Adolescents with Irregular Periods May Have PCOS

Yet one more thing to worry about with adolescent girls.  Though we've always been told otherwise, turns out irregular periods in young girls may be something to worry about.

According to, "While irregular periods are common among teenage girls, an underlying hormonal disorder may be to blame if this problem persists."

The disorder is called polycystic ovarian syndrome (or PCOS), and it's not anything cancer-causing or life-threatening, but it can affect fertility.

PCOS is an endocrine disorder that is characterized by an excess of androgens or male hormones in the body. The imbalance of hormones interferes with the growth and release of eggs from the ovaries, which can prevent ovulation and menstruation, notes.

Menstruation begins, on average, at age 12, and a normal menstrual cycle is usually 28 days.  Experts say that girls should have a regular menstrual cycle within approximately two years after they get their first period or by age 17 at the latest.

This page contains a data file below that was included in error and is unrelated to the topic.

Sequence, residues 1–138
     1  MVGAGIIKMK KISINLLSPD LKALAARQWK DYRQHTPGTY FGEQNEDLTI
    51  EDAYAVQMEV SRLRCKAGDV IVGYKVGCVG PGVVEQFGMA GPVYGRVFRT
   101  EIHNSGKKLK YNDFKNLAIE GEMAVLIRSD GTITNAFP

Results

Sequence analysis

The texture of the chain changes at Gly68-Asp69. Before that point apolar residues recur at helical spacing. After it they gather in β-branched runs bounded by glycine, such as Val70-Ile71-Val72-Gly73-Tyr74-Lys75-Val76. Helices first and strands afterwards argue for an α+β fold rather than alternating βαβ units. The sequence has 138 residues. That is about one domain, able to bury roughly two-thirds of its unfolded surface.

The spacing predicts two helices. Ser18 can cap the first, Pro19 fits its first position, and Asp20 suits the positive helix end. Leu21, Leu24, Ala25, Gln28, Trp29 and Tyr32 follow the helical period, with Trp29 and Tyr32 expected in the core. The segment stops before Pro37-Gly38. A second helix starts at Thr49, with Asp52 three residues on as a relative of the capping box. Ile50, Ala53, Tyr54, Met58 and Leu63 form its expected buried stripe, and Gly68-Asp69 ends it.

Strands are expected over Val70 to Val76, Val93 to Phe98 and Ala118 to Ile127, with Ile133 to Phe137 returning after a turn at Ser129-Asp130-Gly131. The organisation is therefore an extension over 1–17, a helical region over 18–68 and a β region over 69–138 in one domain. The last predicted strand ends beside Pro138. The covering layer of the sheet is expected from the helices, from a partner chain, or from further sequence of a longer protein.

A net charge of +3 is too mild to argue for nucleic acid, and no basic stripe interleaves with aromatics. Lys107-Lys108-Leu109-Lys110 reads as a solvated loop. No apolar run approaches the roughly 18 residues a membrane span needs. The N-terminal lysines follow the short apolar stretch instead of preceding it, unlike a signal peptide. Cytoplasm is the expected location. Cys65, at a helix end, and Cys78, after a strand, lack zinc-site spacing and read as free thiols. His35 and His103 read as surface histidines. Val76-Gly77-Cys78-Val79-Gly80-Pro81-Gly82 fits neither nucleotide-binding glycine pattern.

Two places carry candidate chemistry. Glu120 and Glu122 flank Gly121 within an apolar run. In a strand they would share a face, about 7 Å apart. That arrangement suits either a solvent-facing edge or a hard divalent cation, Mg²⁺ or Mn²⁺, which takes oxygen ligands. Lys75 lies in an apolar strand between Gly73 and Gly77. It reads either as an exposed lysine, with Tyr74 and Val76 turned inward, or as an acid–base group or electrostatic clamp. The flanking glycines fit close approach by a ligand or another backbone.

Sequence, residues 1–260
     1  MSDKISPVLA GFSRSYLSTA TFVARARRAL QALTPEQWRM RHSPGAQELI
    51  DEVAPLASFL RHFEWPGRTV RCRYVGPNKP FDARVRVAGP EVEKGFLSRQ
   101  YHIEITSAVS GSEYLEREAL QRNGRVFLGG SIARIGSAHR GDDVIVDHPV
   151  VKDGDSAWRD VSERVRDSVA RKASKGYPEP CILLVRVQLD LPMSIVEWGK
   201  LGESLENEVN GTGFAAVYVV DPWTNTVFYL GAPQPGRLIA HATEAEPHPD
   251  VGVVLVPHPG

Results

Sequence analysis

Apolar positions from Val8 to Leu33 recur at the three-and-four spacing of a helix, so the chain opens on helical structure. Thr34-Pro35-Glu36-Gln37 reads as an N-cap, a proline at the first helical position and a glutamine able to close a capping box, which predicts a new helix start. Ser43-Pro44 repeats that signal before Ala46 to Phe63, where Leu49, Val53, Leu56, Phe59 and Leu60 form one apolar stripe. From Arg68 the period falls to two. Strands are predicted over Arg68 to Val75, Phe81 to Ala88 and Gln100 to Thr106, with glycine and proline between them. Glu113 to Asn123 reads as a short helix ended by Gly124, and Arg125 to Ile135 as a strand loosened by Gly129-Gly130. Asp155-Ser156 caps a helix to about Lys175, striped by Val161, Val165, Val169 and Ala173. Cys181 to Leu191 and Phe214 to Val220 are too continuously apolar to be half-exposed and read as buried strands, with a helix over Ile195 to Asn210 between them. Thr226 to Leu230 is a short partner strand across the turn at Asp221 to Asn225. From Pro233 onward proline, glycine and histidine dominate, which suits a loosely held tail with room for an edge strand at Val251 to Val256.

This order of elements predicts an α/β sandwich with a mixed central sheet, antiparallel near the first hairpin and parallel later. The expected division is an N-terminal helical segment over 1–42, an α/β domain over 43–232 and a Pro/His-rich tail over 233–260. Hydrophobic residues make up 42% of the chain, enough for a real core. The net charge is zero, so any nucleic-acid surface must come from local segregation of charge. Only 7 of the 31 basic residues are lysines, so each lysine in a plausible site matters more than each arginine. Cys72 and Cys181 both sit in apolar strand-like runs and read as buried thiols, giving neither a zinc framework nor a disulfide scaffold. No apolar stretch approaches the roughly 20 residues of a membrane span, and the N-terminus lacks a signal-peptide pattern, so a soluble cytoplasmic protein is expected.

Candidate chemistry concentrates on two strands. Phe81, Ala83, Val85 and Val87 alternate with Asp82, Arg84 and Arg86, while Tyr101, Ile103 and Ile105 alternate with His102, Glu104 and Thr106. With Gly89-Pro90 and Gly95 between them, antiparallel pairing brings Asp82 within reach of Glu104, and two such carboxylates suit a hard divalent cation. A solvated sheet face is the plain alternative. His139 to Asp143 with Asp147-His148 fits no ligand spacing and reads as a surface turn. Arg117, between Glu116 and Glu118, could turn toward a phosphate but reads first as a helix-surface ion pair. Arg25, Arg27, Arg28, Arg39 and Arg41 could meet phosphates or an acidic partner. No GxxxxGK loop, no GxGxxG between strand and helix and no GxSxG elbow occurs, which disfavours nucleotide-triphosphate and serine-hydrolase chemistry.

"PCOS can be overlooked because irregular periods are normal in teens,” quotes Suzanne Kavic, MD, division director, Reproductive Endocrinology, Loyola University Health System (LUHS). “However, if erratic menstrual cycles persist later into the teen years, girls should see a specialist to determine if something else might be causing this issue."

While not a major disorder, PCOS can include weight gain, hair growth on the body and face, thinning of the hair on the head, acne and infertility. But later in life, women with PCOS are "at risk for high blood pressure, high cholesterol and endometrial cancer. People with PCOS also tend to become resistant to insulin, which can lead to diabetes."

But the good news is, there are many ways to treat this, some with medication, others including exercise and weight loss.  Doctors can now spot PCOS at a younger age so treatment, and cure, can begin earlier.


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